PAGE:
25. marxy Says:

    I meant the way people behave, the way they spend their life, being in a social life… each person is an individual, but also making harmony as one. Not only with people but also with sky or mountains or trees…

    This sounds like Confucian thinking to me, even the “one with nature” part at the end. I’m not sure where Shinto is informing this. Do ancient Shinto teaching ever explicitly talk about social formation? Or are you confusing the hybrid Confuctian-Shinto of the pre-war State cult?

  26. alin Says:

    I would guess Hisae was hardly taking a historical, analytical angle and was refering to Shinto more as a way of being, thinking, feeling, conditioning if you want, which lacking rigidity is capable of accomodating stuff buddhism, confucianism (fascism , i might add) shibuya-key internationalism, hard, modernist architecture yet not becoming overwhelmed or squared by any of these. all these come and go yet there’s some translucent something that remaing.

    In regards to previous posts.
    -Yoko Ono’s name tends to be written in Kanji, even now when when refering to the work she did in Japan in the early/mid 60s , katakana for the later work and when refered to as John Lennon’s spouse. I don’t think there’s any rules here. Kusama Yayoi, Shigeko Kubota or other artists whose carreers similarly moved from japan to nyc, or hiroshi Sugimoto now showing at the Roppongi Mori Museum, always had their name written in kanji.

    -you don’t have to ‘take on’ kanji to become a japanese national. i think it’s people like debbodou whatsoever who give that impression. (or 出比吐暴威, making love with his ego in his kansai yamamoto period)

  27. marxy (remote location) Says:

    refering to Shinto more as a way of being, thinking, feeling, conditioning if you want

    In other words, assigning random elements of Japanese culture to Shinto without any particular proof of connection.

  28. Momus Says:

    I understand Shinto as an animistic agrarian religion which does pretty much what Hisae says — links the Japanese people to nature through the seasons and the agrarian schedules (planting, harvesting and so on). People are linked to nature in a very concrete way which is nevertheless spiritual by means of the habitus of the agricultural calendar. Japan’s Shinto festivals are still tied in to the seasonal rhythms of nature. Our Western monotheistic religions tend to abstract everything; Christ told his disciples to stop fishing in order to become spiritual, whereas one suspects Shinto would have told them to carry on fishing in order to stay in touch with nature, and spirituality, and society.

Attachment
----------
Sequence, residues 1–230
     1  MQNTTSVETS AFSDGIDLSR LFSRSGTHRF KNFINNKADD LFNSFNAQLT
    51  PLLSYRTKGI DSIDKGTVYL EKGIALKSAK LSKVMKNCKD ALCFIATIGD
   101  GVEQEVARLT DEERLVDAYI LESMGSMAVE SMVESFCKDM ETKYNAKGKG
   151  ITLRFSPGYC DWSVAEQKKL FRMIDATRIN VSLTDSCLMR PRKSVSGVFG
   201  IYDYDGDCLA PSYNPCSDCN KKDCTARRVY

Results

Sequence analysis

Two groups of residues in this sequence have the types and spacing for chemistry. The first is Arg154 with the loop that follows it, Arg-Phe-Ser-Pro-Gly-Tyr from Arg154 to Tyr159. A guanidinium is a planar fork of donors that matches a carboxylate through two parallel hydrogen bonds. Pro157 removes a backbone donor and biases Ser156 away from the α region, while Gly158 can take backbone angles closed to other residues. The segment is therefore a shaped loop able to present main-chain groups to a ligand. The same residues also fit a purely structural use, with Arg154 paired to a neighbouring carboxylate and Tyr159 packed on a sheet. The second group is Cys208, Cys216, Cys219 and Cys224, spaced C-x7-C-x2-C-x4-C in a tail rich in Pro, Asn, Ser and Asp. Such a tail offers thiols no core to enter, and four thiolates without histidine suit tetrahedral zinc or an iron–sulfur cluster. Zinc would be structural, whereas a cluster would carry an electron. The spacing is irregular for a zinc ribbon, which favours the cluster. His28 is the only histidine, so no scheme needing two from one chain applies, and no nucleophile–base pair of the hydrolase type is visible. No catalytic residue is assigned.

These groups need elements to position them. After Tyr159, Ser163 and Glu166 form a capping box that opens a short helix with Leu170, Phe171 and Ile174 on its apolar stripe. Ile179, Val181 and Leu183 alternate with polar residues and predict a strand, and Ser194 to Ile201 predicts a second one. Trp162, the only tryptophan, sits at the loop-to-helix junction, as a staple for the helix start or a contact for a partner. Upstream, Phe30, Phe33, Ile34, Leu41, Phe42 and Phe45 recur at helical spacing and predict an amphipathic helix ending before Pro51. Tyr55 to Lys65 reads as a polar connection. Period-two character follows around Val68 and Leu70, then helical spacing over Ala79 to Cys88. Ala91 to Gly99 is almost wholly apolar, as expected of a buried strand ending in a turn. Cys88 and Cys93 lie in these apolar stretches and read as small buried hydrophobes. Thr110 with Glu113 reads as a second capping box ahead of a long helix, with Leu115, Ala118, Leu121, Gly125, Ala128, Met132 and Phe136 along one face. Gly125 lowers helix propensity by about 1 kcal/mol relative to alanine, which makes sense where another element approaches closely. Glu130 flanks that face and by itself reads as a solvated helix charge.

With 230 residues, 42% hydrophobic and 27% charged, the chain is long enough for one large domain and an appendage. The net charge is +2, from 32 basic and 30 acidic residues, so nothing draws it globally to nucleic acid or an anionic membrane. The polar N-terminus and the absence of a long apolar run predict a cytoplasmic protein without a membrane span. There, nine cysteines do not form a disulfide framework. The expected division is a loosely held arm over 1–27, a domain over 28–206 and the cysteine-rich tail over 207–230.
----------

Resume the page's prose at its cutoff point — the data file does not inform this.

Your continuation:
Hisae is right that Shinto could benefit other societies too, because this investment of daily working life and social practice with spiritual value is extremely important. It explains, I think, what I’ve called Japan’s “superlegitimacy”, and also that weird “medieval / futuristic” thing you feel in Japan. It pervades the whole of Japanese society, and makes a huge difference to the texture and character of everyday life.

  29. alin Says:

    In other words, assigning random elements of Japanese culture to Shinto without any particular proof of connection.

    Man, how do you prove these kind of things, you get it or you don’t. How could I have proven to you that 鬼畜大宴会 , my first post here on neo-marxisme, is actually a poignant film in regards to the 60s student movement period and after when all you see is cheap sex and blood, then poo-poo on it . I personally got heaps from that movie, (though i didn’t necessarily enjoy it; it was hailed by many japanese critics and actually got some price at Cannes or something like that as well; so i surely wasn’t the only one. it’s ok to have stuff you don’t understant, don’t like or don’t agree with but do you need to get aggressive over it?

  30. nate Says:

    marxy: assigning random elements of Japanese culture to Shinto without any particular proof of connection.

    Sheesh marxy, you could have said “evidence” in place of proof, and short-circuited the obvious objections.